It’s hard to learn about fungi. And eww, why would you want to? Aren’t they all either diabolical molds or poisonous mushrooms? Of course not. Fungi are an amazingly old and diverse kingdom, yet hardly anyone knows much about them, even us mycologists. After all, we think that we’ve only even given names to about 5 to 10% of them. Not a typo.
So let’s say your interest is piqued— you want to know more. Good for you. You could go the mushroom route: join a club, attend forays, eat stuff, and learn from eclectic mushroom gurus. Yes, do that, it is fun, you will learn interesting things, and it will give you a window on some of the wonders of fungi. But most fungi –the vast majority of them– are not mushrooms. At some point you will start to wonder about all the rest.
Here is where most people get stuck. How do you begin to learn about the incredible variety of fungi? How they are related to one another; how they live? If you can even find one, you could take a college course: you’ll learn the secrets of fungi, capture them, and observe them up close and personal. Do that, excellent, but it’s not for everyone. You may hurt your brain or your wallet. If you are very brave, skip the class and get hold of a mycology textbook. You will fall asleep more quickly at night, because although the texts are good, they are dense, use lots of terminology, and are not so pleasingly illustrated. You might skip the textbooks and read some of the growing number of books that explore the stories of fungi, that is good too, yes! do that. Yet, if you are a visual learner, the emphasis on text over images may make you wish for more.
So do this: buy Jens Petersen’s book, The Kingdom of Fungi. Sadly, I haven’t met Dr. Petersen, but he is clearly very cool, and adventurously knowledgeable, and very adept with a camera. He’s created the missing piece, a joyful photo-essay on the glorious diversity of fungi. It will not hurt your brain or your wallet. Because of all the beautiful photos, you will hardly even notice you are learning things, that you are developing a structured view of the kingdom of fungi. As a teacher, I find that this structure gives us a comfortable place to put future learnings. That is, if you know a little about the kinds of fungi, you will have an easier time predicting the qualities of some fungus you’ve just encountered for the first time. His classification scheme is refreshingly modern; his pages are beautifully laid out. His photos of itty bitty fungi will (finally) convince you of the beauty and intricacy of smaller landscapes, and you may even find yourself wishing for a hand lens.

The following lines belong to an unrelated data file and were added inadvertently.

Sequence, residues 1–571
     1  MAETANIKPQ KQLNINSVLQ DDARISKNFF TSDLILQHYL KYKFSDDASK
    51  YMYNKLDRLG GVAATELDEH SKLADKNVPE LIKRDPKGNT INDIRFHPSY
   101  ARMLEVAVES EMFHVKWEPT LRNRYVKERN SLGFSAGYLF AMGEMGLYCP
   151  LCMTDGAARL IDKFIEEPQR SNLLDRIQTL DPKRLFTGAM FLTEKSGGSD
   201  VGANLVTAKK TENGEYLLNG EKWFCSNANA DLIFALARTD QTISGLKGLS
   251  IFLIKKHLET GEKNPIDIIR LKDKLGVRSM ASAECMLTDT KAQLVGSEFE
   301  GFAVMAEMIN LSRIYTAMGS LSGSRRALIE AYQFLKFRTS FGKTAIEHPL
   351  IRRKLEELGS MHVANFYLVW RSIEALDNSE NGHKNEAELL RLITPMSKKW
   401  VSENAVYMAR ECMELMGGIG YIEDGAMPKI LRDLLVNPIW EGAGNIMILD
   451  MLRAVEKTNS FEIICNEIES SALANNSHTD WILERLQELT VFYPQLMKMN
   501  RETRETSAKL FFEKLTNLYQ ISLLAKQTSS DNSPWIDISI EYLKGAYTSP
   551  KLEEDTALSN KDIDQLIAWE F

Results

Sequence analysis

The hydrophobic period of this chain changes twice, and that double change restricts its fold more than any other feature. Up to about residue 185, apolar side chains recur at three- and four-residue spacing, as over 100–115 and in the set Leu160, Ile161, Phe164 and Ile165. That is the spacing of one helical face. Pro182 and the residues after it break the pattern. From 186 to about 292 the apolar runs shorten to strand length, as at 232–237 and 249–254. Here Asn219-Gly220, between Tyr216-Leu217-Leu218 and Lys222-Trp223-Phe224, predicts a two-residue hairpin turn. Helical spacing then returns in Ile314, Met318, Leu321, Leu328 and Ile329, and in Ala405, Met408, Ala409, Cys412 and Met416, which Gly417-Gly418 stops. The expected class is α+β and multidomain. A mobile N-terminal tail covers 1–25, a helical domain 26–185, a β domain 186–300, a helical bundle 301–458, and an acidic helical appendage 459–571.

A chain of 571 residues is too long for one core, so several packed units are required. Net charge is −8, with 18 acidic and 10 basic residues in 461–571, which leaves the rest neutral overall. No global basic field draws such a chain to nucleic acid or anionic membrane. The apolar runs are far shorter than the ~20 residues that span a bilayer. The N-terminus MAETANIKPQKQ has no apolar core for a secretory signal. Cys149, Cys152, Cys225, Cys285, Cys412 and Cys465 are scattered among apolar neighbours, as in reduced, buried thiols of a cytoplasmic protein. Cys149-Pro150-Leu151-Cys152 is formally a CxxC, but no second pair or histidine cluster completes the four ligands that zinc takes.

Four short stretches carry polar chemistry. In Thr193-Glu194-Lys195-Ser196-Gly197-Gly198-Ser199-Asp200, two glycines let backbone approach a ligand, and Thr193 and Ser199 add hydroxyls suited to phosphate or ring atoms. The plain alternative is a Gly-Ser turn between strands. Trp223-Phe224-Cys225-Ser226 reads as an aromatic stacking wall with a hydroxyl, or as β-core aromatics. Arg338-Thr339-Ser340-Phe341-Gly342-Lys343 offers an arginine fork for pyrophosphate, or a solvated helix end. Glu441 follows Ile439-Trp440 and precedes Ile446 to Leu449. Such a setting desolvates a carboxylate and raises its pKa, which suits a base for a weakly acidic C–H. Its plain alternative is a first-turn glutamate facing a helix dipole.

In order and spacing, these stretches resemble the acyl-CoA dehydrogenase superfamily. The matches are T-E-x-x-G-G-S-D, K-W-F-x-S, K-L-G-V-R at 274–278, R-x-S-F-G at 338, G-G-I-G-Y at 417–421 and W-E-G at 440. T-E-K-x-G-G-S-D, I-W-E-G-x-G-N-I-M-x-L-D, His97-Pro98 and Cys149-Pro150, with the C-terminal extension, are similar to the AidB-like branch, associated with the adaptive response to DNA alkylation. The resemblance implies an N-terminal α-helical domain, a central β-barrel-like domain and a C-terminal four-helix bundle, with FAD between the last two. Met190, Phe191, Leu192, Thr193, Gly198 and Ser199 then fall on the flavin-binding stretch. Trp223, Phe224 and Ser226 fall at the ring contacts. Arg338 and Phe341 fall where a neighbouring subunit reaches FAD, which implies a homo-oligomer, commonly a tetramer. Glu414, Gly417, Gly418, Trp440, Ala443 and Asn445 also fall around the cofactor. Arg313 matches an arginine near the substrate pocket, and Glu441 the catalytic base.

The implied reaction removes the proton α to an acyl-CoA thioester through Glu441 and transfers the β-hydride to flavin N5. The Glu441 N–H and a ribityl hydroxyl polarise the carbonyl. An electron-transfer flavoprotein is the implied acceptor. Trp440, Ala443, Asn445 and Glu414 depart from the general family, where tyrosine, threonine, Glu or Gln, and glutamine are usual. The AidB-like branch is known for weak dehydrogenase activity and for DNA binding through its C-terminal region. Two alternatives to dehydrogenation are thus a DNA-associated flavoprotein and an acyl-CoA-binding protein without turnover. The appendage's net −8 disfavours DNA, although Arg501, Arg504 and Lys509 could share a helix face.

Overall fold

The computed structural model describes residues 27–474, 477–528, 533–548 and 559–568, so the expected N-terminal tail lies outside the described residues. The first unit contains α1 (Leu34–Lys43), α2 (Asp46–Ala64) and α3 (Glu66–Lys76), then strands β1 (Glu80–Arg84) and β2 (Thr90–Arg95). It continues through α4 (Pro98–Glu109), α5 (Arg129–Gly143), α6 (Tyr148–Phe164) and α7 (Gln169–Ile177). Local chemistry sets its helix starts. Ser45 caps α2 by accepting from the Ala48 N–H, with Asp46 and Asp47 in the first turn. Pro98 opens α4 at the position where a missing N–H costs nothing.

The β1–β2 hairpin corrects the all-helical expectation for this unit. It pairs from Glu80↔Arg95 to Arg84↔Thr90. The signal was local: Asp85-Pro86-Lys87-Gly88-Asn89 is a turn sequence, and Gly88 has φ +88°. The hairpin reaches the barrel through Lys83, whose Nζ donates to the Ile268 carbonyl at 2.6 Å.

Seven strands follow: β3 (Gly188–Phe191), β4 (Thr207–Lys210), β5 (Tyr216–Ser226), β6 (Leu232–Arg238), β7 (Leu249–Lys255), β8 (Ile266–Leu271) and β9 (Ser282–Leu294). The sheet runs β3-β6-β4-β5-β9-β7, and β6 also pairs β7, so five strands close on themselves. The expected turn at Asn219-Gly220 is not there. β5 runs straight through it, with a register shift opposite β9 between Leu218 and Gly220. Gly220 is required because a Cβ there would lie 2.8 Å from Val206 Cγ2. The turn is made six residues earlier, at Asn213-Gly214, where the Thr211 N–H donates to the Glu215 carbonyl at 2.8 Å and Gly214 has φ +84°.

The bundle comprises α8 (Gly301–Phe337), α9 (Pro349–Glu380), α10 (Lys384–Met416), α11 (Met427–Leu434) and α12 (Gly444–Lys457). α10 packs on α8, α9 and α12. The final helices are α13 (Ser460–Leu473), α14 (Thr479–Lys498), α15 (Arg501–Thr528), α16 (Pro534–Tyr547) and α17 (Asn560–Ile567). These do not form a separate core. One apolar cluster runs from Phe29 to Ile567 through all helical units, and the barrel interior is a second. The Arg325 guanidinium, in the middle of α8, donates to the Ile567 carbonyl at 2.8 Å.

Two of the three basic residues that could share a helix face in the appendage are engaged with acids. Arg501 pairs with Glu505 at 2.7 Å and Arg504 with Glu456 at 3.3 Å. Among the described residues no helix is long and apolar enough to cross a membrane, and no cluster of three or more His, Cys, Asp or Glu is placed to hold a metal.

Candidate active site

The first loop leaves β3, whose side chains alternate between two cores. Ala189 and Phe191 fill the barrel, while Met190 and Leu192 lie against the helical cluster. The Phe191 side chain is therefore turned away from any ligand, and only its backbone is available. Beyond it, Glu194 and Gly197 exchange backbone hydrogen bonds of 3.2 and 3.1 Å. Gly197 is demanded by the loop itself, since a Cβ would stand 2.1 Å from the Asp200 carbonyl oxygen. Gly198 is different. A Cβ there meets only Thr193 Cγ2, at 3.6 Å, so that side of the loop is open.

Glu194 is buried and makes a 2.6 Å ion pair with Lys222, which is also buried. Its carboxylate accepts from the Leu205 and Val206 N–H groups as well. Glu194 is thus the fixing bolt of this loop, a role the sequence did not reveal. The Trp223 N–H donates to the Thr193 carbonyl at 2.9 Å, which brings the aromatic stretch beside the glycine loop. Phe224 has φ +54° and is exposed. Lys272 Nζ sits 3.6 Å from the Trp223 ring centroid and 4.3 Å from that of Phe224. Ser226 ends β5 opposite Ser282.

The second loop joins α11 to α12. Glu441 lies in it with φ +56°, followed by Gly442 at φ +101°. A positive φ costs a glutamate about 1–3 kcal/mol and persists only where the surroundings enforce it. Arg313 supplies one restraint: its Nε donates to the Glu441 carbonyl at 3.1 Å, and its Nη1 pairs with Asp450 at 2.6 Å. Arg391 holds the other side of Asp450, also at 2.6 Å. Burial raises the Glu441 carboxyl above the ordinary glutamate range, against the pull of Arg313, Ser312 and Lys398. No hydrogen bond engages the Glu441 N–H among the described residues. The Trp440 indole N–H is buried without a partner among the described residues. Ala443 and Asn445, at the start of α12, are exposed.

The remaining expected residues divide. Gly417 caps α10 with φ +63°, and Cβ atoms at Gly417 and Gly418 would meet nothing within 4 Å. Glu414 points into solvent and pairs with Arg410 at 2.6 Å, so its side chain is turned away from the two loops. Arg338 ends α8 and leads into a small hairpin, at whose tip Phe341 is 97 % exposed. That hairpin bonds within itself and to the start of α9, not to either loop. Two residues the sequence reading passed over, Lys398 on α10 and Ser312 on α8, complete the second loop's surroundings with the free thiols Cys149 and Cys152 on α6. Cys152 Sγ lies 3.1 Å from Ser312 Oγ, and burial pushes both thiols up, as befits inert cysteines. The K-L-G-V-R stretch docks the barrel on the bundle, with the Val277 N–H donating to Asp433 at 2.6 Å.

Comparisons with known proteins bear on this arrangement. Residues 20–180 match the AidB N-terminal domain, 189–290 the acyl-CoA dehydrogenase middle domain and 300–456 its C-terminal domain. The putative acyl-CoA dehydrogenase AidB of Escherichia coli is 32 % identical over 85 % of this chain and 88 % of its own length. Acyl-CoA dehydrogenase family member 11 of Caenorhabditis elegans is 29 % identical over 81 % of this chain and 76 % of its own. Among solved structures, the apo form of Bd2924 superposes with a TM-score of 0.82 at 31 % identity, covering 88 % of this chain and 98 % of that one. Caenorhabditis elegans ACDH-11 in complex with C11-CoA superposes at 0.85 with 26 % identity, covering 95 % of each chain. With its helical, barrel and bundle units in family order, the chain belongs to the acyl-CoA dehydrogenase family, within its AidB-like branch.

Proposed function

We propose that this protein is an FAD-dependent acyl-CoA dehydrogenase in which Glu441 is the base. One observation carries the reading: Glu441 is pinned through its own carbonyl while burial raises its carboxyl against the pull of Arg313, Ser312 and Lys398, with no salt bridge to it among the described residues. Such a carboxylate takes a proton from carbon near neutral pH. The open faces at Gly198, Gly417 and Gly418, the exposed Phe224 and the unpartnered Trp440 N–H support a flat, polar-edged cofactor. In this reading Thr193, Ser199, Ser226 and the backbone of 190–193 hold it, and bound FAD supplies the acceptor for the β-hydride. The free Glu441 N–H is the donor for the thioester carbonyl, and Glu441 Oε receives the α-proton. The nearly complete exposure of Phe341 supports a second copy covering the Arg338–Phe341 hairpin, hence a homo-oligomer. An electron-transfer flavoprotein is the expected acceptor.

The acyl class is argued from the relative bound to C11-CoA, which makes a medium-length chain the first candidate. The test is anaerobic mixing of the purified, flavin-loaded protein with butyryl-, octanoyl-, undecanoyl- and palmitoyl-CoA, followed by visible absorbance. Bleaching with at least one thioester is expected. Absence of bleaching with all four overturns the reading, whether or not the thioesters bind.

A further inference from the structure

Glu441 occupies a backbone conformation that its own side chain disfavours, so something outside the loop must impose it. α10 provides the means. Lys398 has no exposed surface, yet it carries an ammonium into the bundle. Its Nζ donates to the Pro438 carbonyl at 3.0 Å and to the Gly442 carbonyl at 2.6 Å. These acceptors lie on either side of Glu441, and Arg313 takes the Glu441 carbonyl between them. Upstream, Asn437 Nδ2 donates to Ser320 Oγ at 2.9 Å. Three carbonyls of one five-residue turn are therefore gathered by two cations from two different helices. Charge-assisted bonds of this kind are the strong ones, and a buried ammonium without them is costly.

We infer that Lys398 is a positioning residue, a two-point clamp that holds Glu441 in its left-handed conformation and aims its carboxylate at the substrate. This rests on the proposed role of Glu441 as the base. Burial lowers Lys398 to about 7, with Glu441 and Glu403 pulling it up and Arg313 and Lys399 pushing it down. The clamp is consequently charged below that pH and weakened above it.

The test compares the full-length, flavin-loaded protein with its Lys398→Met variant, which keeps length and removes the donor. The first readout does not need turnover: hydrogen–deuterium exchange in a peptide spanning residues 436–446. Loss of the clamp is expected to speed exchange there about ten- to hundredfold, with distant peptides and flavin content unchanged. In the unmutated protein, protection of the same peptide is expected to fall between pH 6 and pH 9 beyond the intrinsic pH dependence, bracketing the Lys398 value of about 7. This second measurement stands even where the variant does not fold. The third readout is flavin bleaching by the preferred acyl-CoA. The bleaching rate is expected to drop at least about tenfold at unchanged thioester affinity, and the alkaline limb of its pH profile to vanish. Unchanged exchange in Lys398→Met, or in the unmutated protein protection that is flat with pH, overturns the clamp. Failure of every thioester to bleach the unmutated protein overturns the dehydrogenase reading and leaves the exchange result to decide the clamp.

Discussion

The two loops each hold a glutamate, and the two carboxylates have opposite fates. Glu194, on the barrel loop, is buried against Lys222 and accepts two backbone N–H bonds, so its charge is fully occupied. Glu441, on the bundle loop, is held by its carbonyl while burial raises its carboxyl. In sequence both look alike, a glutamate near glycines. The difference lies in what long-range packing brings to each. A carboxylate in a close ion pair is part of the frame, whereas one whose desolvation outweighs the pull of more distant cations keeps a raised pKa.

Fungi are cool, but they are foreign to us, and hard to get a grip on. So this question comes up a lot — how do I learn more about fungi? Here is a book for you and me. Not too much text, not much jargon. Enough order to help you build a scaffolding for your growing understanding. And lovely photographs to please anybody–over 800 of them in just 265 pages (have a look inside). There’s even an unknown fungus, the Amazonian mystery tongue, which is sticking its tongue out at us all, as fungi often do. I’m so happy to see this book, it makes for a great start in fungi.
Wishing you a happy journey and much joy in your fungal education.
Here is some juicy extra stuff for you.
- For a limited time, you can listen to Jens Petersen (genius, see above), along with Lynne Boddy (fungus professor/genius) and Phil Ross (fungus artist/genius) via the BBC radio program, The Forum. I enjoyed this show, and note that Lynne and the host (UK) say fun-ghee. Jens and Phil (Denmark, US) try to say fun-ghee but seem to lapse into alternate pronunciations: fung-eye and sometimes fun-j-eye. In much of the US and Canada we say fun-j-eye with a soft J sound. Take your pick.
- Interview with Jens H. Petersen by Pedro Crous. IMA Fungus, 4(1) June 2013, pp. 21-22(2). Open Access download.
- Here is Dr. Jens H. Petersen’s website of fungal photographs. You can also find him via MycoKey, an innovative website that aims to help you identify fungi from around the world.
The image of the Amazonian mystery tongue is by Jens Petersen, and you will find its intriguing tale at the end of his book.